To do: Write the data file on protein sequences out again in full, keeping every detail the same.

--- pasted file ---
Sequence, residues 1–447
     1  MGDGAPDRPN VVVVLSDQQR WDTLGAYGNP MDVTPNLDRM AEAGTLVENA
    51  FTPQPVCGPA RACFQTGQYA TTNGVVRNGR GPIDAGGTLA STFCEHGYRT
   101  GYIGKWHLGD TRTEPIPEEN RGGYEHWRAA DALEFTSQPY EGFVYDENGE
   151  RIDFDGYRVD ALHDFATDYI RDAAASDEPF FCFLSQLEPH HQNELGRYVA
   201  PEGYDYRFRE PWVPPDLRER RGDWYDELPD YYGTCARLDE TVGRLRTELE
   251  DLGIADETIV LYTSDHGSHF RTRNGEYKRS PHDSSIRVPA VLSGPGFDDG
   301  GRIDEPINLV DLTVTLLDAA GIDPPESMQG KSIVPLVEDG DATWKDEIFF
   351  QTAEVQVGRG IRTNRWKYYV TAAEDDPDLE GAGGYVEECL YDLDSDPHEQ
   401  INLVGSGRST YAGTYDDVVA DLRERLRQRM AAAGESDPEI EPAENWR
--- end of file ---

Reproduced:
Sequence, residues 1–447
     1  MGDGAPDRPN VVVVLSDQQR WDTLGAYGNP MDVTPNLDRM AEAGTLVENA
    51  FTPQPVCGPA RACFQTGQYA TTNGVVRNGR GPIDAGGTLA STFCEHGYRT
   101  GYIGKWHLGD TRTEPIPEEN RGGYEHWRAA DALEFTSQPY EGFVYDENGE
   151  RIDFDGYRVD ALHDFATDYI RDAAASDEPF FCFLSQLEPH HQNELGRYVA
   201  PEGYDYRFRE PWVPPDLRER RGDWYDELPD YYGTCARLDE TVGRLRTELE
   251  DLGIADETIV LYTSDHGSHF RTRNGEYKRS PHDSSIRVPA VLSGPGFDDG
   301  GRIDEPINLV DLTVTLLDAA GIDPPESMQG KSIVPLVEDG DATWKDEIFF
   351  QTAEVQVGRG IRTNRWKYYV TAAEDDPDLE GAGGYVEECL YDLDSDPHEQ
   401  INLVGSGRST YAGTYDDVVA DLRERLRQRM AAAGESDPEI EPAENWR